If you work at a retail store, you’re all-too-familiar with the chaos that is the holidays, Memorial Day Weekend, or pretty much any time there’s a big sale. People rush around to do their shopping and it feels like there isn’t enough time—or hands—to worry about keeping everything neat and tidy. When there are customers packed into the store, safety might take a backseat. However, it’s vital to enforce safety over speed and to always keep the floor clear.
There are a few things you can include in your training to make sure that your retail store stays safe both for your customers and your employees. The following are some safety tips that could come in handy around your store.
Tip #1. Think ahead.
Make sure your employees know to always scan for potential hazards. The floor should be kept as neat and tidy as possible. Boxes, merchandise, and ladders can quickly become trip traps. Everything should be put away in its proper place, not left in the middle of the floor, and you should provide a space for employees to keep their belongings out of the way. Anticipating potential hazards is one of the best defenses against accidents.
Tip #2. Don’t block fire extinguishers or sprinklers.
Fire is bad. You don’t want to have to climb over a mountain of merchandise or boxes to get to the extinguisher if you need it, and the sprinklers can’t do their job if there are things in the way.
Tip #3. Don’t accidentally barricade yourself in.
Emergency exits have to be kept clear so that everyone can make a quick getaway if necessary. If you have to evacuate the store, it’ll be much less chaotic if people aren’t trying to crawl over an obstacle course.
Tip #4. Use wet floor signs.
While bright yellow sandwich signs might not be aesthetically pleasing, they’ll keep people from slipping on a slick floor. For everyone’s sake, use the wet floor signs. You don’t want any of your customers or employees to get hurt, and you’ll spare yourself a lawsuit.
Tip #5. Be ladder-smart.
Your employees should all be trained in how to use a ladder properly. It seems self-explanatory, but there is a right and a wrong way to climb. Some ladder safety tips are…
- Never use a ladder that’s broken or damaged.
- Make sure the ladder is the right height. It should rest three feet above the area that the employee is working on.
- Place the ladder on a flat, stable surface at a 75° angle. For every three feet of height, the end of the ladder should be placed one foot back on the ground.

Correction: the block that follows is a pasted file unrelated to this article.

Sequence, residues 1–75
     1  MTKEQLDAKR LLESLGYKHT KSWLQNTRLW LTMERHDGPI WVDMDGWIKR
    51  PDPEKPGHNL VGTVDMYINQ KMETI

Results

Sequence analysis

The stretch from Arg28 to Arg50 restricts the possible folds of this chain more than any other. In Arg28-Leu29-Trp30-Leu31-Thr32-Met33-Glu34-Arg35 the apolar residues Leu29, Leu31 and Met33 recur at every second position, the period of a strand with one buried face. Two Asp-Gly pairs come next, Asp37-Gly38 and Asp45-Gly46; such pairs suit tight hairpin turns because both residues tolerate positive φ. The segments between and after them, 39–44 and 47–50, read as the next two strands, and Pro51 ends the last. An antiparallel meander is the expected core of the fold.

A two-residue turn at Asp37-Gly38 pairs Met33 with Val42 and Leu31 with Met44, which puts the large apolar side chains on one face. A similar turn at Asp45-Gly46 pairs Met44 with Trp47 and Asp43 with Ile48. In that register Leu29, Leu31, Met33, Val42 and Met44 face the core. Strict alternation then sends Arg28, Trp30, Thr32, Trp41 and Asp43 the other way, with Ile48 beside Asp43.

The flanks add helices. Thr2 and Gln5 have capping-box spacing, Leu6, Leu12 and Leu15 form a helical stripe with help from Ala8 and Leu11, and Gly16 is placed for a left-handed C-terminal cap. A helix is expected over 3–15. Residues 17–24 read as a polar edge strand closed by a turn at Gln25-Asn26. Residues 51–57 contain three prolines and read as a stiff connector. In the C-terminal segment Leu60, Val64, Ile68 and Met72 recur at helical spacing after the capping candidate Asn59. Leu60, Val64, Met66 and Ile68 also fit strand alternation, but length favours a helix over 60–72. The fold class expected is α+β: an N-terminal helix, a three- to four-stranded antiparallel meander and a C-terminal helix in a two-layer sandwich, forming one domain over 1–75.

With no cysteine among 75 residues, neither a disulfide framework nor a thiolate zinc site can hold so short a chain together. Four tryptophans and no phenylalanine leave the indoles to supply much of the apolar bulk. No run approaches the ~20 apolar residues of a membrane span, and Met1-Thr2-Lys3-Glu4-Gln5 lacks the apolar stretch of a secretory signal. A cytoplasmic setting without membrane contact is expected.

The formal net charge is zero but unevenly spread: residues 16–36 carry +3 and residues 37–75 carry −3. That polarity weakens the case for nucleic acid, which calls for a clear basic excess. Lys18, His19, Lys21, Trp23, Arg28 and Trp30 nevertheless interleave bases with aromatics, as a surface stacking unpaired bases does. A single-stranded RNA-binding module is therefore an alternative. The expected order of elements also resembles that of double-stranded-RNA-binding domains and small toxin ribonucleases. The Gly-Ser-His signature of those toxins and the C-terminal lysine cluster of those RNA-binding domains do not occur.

- Be mindful of weight limits on the ladder.
- Don’t climb or stand on the top step.
- Face the ladder, not the ground, when coming down.
- Don’t leave a ladder unattended, especially if it’s propped up.
Tip #6. Emphasize lifting safety.
Back injuries can happen all too easily when it comes to transporting heavy boxes or loads. To help your employees avoid straining their backs (and the ensuing workers’ comp claim), you can include the following tips in your training:
- Make sure the way is clear and there’s nothing that can trip you.
- Hold the load close to your body at your normal center of gravity.
- Plant feet one shoulder-width apart, with one foot alongside the load and the other behind the load.
- Bend at the knees, not the waist.
- Keep your arms close to your body.
- If you have to turn, move your feet instead of twisting at the waist.
- Bend your knees and keep hands and feet clear when setting the load down.
- Know when a load is too heavy or awkward for one person. Team lift when necessary.
Working retail requires keeping the store neat. Walkways should be clear, and tidying up should be a constant project throughout the day. Yes, it’s tempting to skip the safety steps when it means getting a job done faster, and it might seem like there’s not enough time to go push that box to the side. We get it—stores can get crazy busy. But haste makes waste. Be proactive and prevent injuries by anticipating possible obstacles or dangers.
If you’re wondering what kind of insurance you need to protect you from all of your risks, give us a shout. From making sure your inventory is insured to your premises itself, we can help. We really love insurance, and since free things are nice, we’ll even get you a free insurance quote.